Parliamentary system

A parliamentary system is a system of democratic governance of a state where the executive branch derives its democratic legitimacy from its ability to command the confidence of the legislative branch, typically a parliament, and is also held accountable to that parliament. In a parliamentary system, the head of state is usually a different person from the head of government. This is in contrast to a presidential system, where the head of state often is also the head of government and, most importantly, the executive branch does not derive its democratic legitimacy from the legislature.

Countries with parliamentary democracies may be constitutional monarchies, where a monarch is the head of state while the head of government is almost always a member of parliament (such as the United Kingdom, Denmark, Sweden and Japan), or parliamentary republics, where a mostly ceremonial president is the head of state while the head of government is regularly from the legislature (such as Ireland, Germany, India and Italy). In a few parliamentary republics, such as Botswana, South Africa, and Suriname, among some others, the head of government is also head of state, but is elected by and is answerable to parliament. In bicameral parliaments, the head of government is generally, though not always, a member of the lower house.

Parliamentarism is the dominant form of government in Europe, with 32 of its 50 sovereign states being parliamentarian. It is also common in the Caribbean, being the form of government of 10 of its 13 island states, and in Oceania. Elsewhere in the world, parliamentary countries are less common, but they are distributed through all continents, most often in former British Empire colonies.

Since ancient times, when societies were tribal, there were councils or a headman whose decisions were assessed by village elders. Eventually these councils have slowly evolved into the modern Parliamentary system.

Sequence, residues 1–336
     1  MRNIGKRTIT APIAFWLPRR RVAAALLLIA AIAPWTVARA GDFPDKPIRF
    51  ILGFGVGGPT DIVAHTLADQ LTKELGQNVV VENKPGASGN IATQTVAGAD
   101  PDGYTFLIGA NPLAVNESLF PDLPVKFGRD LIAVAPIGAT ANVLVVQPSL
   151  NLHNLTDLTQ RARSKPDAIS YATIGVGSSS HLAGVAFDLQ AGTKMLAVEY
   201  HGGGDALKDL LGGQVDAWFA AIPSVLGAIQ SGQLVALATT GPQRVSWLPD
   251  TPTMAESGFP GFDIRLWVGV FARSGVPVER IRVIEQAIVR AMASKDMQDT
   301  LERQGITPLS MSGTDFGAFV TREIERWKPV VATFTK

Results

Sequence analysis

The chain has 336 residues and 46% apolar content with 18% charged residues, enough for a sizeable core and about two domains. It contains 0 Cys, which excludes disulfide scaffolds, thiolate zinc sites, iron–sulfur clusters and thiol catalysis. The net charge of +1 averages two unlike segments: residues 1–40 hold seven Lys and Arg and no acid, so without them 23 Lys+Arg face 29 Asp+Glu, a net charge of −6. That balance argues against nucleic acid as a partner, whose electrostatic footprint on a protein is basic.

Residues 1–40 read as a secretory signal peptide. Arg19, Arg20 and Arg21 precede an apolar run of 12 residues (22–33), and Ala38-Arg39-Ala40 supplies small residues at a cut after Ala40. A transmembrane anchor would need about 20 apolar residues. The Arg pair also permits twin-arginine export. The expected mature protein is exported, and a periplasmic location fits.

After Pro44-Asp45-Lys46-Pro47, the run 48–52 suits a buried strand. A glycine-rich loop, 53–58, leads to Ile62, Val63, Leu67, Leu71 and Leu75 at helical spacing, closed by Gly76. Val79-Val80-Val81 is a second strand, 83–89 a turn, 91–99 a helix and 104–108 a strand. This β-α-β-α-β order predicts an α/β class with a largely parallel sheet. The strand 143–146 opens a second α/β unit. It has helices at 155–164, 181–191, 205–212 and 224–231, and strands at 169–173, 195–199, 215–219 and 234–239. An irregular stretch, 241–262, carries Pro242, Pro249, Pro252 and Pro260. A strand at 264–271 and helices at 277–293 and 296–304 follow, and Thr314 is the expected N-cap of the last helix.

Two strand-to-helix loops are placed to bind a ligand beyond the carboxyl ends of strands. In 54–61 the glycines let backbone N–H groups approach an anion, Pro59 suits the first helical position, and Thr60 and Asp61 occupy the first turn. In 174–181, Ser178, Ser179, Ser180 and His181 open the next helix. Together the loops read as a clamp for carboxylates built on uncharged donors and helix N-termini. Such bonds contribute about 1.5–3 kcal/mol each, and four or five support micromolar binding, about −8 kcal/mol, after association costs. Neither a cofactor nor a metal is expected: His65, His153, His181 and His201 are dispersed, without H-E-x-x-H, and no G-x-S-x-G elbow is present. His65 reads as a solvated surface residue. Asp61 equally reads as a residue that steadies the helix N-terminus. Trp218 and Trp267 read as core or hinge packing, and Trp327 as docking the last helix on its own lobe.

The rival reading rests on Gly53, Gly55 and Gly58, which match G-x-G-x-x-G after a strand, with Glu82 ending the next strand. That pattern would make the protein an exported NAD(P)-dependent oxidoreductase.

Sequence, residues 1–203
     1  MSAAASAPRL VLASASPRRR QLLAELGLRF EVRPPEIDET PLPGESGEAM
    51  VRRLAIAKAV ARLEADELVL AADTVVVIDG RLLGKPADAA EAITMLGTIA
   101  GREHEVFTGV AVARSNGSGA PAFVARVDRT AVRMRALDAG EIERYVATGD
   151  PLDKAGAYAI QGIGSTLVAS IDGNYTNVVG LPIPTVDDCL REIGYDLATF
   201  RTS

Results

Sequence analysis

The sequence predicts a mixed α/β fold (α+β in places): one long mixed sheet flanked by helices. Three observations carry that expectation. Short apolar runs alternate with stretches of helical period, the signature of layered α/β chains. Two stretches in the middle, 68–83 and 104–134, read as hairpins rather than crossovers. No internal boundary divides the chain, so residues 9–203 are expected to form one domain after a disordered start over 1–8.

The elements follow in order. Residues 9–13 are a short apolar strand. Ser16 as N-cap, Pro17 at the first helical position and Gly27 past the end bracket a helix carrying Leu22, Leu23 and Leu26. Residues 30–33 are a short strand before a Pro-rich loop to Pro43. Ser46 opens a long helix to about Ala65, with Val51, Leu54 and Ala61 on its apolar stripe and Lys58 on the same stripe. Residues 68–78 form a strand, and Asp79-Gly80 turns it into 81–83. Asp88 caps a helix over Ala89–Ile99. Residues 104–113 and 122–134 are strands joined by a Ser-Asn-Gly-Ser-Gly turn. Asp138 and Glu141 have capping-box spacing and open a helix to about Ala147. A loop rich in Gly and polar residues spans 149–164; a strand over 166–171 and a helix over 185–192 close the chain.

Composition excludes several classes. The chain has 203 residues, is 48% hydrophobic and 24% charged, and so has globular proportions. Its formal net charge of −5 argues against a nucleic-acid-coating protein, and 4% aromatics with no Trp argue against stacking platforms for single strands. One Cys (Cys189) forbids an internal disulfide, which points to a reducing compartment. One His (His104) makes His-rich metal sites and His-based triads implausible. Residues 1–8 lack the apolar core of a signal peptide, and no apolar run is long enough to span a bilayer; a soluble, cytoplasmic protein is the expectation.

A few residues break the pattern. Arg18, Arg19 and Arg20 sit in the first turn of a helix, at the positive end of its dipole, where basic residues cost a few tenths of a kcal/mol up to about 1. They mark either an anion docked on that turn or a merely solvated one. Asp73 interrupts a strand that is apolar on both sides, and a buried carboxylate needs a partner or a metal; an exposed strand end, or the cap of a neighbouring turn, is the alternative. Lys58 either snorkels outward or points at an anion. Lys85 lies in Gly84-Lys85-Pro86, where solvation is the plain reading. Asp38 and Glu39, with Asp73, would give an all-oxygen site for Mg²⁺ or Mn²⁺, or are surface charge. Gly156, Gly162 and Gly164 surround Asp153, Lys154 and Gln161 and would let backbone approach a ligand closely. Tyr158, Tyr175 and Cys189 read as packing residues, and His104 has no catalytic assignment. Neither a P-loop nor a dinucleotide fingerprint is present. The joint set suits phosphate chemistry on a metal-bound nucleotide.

The first parliaments date back to Europe in the Middle Ages, for example in 1188 Alfonso IX, King of Leon (Spain) convened the three states in the Cortes of León. An early example of parliamentary government developed in today's Netherlands and Belgium during the Dutch revolt (1581), when the sovereign, legislative and executive powers were taken over by the States General of the Netherlands from the then-monarch, King Philip II of Spain. The modern concept of parliamentary government emerged in the Kingdom of Great Britain between 1707–1800 and its contemporary, the Parliamentary System in Sweden between 1721–1772.

In England, Simon de Montfort is remembered as one of the fathers of representative government for holding two famous parliaments. The first, in 1258, stripped the King of unlimited authority and the second, in 1265, included ordinary citizens from the towns. Later, in the 17th century, the Parliament of England pioneered some of the ideas and systems of liberal democracy culminating in the Glorious Revolution and passage of the Bill of Rights 1689.

This page was last edited on 7 March 2018, at 16:59.
Reference: under CC BY-SA license.

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